Medicine (RMH) - Research Publications

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    Let's CHAT (Community Health Approaches to) Dementia in Aboriginal and Torres Strait Islander Community Controlled Primary Care: Baseline audit results of a stepped-wedge cluster randomised controlled trial
    Logiudice, D ; Bradley, K ; Hughson, J-A ; Hyde, Z ; Atkinson, D ; Bessarab, D ; Flicker, L ; Radford, K ; Strivens, E ; Thompson, S ; Blackberry, I ; Belfrage, M ; Smith, R ; Malay, R ; Allan, W ; Lavrencic, L ; Russell, S ; Quigley, R ; Humphrey, T ; Smith, K (WILEY, 1/05/2021)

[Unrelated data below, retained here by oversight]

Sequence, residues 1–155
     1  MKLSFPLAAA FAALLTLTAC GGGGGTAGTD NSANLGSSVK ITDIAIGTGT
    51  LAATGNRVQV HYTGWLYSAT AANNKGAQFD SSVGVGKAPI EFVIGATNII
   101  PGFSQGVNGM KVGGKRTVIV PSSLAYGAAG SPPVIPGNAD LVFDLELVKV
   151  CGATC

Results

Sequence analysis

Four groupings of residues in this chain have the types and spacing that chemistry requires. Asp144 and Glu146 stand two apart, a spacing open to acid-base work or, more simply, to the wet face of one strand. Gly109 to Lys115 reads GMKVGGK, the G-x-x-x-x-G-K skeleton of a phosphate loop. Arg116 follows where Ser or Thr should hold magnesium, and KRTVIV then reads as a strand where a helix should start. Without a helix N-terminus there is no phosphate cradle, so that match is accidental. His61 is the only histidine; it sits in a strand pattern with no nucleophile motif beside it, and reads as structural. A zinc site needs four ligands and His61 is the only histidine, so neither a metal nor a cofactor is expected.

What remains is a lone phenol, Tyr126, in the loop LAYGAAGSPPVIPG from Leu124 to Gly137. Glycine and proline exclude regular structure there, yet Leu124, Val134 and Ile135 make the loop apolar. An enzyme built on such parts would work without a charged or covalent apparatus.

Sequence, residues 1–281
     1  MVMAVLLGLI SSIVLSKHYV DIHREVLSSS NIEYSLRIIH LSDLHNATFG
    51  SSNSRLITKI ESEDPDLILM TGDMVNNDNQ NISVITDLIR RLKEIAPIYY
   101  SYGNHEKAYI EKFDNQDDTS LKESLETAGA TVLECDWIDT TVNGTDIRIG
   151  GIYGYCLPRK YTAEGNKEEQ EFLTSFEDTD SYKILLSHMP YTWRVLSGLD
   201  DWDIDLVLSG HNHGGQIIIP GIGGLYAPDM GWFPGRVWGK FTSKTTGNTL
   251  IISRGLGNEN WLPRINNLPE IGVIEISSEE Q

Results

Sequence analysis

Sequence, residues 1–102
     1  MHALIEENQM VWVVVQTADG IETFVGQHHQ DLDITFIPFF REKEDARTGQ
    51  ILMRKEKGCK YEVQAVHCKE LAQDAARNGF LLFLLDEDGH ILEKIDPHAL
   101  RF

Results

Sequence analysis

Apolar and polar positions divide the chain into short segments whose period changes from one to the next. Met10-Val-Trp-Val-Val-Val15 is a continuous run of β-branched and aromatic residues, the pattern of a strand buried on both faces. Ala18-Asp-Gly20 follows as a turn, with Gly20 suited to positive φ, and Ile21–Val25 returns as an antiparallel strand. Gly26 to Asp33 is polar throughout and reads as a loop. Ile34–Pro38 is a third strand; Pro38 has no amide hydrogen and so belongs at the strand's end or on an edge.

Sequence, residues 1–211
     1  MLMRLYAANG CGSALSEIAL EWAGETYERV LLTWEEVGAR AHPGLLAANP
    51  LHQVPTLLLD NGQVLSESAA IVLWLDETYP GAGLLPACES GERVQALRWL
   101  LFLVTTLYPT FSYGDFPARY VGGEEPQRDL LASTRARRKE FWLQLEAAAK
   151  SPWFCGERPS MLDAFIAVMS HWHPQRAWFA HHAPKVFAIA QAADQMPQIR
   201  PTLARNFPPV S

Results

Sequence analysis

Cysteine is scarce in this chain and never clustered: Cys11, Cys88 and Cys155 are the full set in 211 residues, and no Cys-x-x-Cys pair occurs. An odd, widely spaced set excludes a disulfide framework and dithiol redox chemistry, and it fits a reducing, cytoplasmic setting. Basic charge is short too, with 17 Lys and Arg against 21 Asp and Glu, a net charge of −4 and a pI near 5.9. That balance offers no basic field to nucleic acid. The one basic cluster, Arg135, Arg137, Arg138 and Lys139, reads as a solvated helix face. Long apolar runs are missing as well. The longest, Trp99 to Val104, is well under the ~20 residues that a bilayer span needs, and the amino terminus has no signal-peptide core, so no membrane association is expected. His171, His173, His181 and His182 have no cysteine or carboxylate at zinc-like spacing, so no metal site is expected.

Aim: This study describes baseline audit results documenting cognitive impairment not dementia (CIND) and dementia and associated risk factors in Aboriginal and Torres Strait Islander peoples aged ≥50 years attending Aboriginal Community Controlled Health Services (ACCHSs). Method: A specialised chart audit tool was designed to identify documented dementia and CIND, and relevant risk factor profiles in patient health records. The audits were conducted as part of a stepped-wedge cluster randomised controlled trial. Twelve Aboriginal Controlled Community Health Services (ACCHSs) in four states across Australia were recruited and medical records of 1,662 patients aged >50 years were audited. The primary outcome measure is documentation of CIND and dementia along with the associated risk factors. Results: The mean age was 60.2 +/-8.2 years and 56% were female. The overall prevalence of documented CIND or dementia was low, reported for only 57 (3.4%) patients audited. The prevalence of risk factors was high, with nearly two-thirds (64.1%,) having ≥4 risk factors. These included high rates of hypertension (52.5%), diabetes (44.3%), dyslipidemia (42.3%), obesity (35.3%) and current smoking (35.3%). Conclusion: Our previous work demonstrated the true prevalence of dementia was 10% and CIND was 10% in Indigenous communities. The low detection of these conditions in the primary care setting, accompanied by high prevalence of associated risk factors for cognitive impairment, demonstrates the need for dementia specific culturally responsive primary care interventions that optimise brain health and support identification of cognitive impairment and dementia, using a community wide and holistic approach across the lifespan.